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Court of Final Appeal rules that termination payments and benefits given to an employee were not for past services but “for something else” and thus not chargeable to Salaries Tax

01/03/2020

A look at why the benefits given to an employee were not for past services but were related to other matters



The case of Commissioner of Inland Revenue v. Poon Cho-ming John [FACV 1/2019] hinged on the fact that the payment for “something else” was essentially for the employee agreeing: not to take any course of action that might create unfavourable publicity for the employer; not to pursue threatened legal claims against the employer; and to simply “go away quietly.”

Brief facts

Under an employment contract dated 20 October 1999 (the service agreement), the taxpayer was employed by a Bermuda company (the company), which was listed on the Stock Exchange of Hong Kong, as group chief financial officer (group CFO) and an executive director of the company. The service agreement was terminable by either party serving to the other a 6-month written notice. 

Circumstances leading to the immediate termination of the service agreement on 20 July 2008

On Friday afternoon, 18 July 2008, the chairman of the company informed the taxpayer that the company was going to terminate the service agreement immediately and remove him from his directorship positions of the group, including that of the company. 

The taxpayer was taken aback. His mood was combative, and he refused to go quietly. The taxpayer was of the view that even though the company could terminate his employment as group CFO, this was not the case with his position as executive director of the company and other group companies. 

The taxpayer then threatened to take a two-pronged course of action. Firstly, he proposed to challenge the chairman’s plans to remove him from his directorships by taking the matter to the shareholders with a view to delay his departure from the board, contrary to the wishes of the chairman and a majority of the company’s board of directors. Secondly, the taxpayer was also prepared to take his claims to court, which would attract interest from the media, with consequential market reaction. 

Although the parties were in an acrimonious relationship, after a weekend of negotiations involving lawyers on both sides, they eventually agreed to the terms for the termination of the service agreement, by way of a separate written agreement (the separation agreement).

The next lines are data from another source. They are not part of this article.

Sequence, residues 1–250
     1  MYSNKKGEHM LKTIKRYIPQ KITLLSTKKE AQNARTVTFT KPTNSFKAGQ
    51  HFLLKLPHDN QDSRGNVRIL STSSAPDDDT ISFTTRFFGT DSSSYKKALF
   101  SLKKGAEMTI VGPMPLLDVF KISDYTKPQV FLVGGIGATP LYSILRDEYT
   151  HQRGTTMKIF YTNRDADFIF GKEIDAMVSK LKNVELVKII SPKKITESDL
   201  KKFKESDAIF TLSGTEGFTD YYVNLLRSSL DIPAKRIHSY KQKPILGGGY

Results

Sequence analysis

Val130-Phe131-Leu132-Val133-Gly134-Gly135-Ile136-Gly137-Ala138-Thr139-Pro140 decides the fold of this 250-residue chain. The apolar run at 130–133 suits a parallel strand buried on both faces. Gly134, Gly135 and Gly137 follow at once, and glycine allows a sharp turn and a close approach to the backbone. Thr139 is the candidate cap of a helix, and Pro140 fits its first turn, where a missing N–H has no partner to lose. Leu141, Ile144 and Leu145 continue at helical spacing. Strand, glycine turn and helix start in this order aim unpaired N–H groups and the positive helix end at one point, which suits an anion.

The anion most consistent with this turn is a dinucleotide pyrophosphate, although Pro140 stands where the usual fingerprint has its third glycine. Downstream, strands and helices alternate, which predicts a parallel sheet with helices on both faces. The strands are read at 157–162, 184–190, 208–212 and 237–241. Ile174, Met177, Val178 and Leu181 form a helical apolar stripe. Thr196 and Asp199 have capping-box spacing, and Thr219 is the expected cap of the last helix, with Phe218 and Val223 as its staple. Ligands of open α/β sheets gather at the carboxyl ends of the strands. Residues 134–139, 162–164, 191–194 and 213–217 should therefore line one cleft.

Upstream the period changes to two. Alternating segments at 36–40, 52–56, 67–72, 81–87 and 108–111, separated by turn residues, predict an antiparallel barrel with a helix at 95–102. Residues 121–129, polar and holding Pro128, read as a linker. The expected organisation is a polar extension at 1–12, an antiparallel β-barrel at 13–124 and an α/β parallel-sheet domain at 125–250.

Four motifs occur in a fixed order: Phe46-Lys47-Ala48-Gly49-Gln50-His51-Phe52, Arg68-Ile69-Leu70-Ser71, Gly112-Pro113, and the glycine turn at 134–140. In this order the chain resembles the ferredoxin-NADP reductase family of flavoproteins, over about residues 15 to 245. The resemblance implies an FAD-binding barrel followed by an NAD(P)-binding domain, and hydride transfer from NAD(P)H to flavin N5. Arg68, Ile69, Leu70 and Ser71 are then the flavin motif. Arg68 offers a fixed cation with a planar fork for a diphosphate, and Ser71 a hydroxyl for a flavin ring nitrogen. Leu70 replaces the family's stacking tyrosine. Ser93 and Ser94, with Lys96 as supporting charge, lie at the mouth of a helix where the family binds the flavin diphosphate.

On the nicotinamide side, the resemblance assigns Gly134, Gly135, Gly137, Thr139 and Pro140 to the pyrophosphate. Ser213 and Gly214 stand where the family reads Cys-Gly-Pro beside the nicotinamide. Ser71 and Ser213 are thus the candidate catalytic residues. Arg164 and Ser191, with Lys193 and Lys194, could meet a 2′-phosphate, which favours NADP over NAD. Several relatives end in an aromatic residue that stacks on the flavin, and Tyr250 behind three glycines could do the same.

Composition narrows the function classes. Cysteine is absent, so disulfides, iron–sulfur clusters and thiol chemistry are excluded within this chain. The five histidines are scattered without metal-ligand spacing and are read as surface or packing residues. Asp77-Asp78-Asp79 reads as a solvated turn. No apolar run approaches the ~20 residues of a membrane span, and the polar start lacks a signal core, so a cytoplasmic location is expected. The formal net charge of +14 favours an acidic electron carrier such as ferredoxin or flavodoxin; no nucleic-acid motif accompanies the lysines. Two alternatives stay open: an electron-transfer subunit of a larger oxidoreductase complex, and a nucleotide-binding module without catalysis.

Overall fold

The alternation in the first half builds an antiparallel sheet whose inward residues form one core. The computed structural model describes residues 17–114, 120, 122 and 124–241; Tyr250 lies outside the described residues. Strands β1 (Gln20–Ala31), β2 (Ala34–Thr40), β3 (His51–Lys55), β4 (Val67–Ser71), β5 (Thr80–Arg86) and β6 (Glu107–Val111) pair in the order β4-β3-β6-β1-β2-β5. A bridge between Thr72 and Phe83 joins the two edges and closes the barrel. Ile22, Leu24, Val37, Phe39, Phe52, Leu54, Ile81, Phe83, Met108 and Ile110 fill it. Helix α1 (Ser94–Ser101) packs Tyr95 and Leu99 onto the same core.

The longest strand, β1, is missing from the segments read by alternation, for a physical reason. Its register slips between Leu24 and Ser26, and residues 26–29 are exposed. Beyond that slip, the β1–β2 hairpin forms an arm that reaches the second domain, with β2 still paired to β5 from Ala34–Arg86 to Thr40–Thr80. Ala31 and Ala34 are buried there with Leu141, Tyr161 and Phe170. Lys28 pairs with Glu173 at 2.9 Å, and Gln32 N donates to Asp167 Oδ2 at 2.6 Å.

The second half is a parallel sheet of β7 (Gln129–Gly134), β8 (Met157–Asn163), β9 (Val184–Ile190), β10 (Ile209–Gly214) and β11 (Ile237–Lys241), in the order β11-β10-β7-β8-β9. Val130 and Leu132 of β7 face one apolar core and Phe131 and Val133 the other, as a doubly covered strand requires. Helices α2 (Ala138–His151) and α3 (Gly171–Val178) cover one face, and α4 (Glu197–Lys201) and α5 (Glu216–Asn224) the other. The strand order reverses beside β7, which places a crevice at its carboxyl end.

Payments and benefits made to the taxpayer under the separation agreement

Under the separation agreement, the taxpayer was to be paid, in addition to payment in lieu of six months’ notice and various other sums, a “payment in lieu of a discretionary bonus for the financial year ended 30 June 2008 – EUR 500,000” (sum D). 

Furthermore, the separation agreement also provided that the vesting dates in respect of three tranches of options in the shares of the company, which were granted to the taxpayer under his terms of employment, were accelerated to the date of the termination of the service agreement on 20 July 2008. These options were duly exercised by the taxpayer resulting in notional gains of HK$43,250,400, calculated for tax purposes as being the difference between the market value of the shares on the date of exercise and the exercise price (the share option gain). 

The taxpayer accepted that the sums and benefits to be given to him under the separation agreement were in full and final settlement of all claims and rights of action (whether under statute, common law or otherwise). 

Issue in dispute

The Commissioner of the Inland Revenue (CIR) determined that sum D and the share option gain were “income from employment” chargeable to Salaries Tax in Hong Kong. 

On appeal, the tax tribunal of the Board of Review (BOR) and the Court of First Instance (CFI) upheld the CIR’s assessment of sum D and the share option gain. The Court of Appeal (CoA) however reversed the BOR’s and CFI’s decision and held that both sum D and the share option gain were not chargeable to Salaries Tax in Hong Kong. 

The CIR then appealed the CoA’s decision to the Court of Final Appeal (CFA).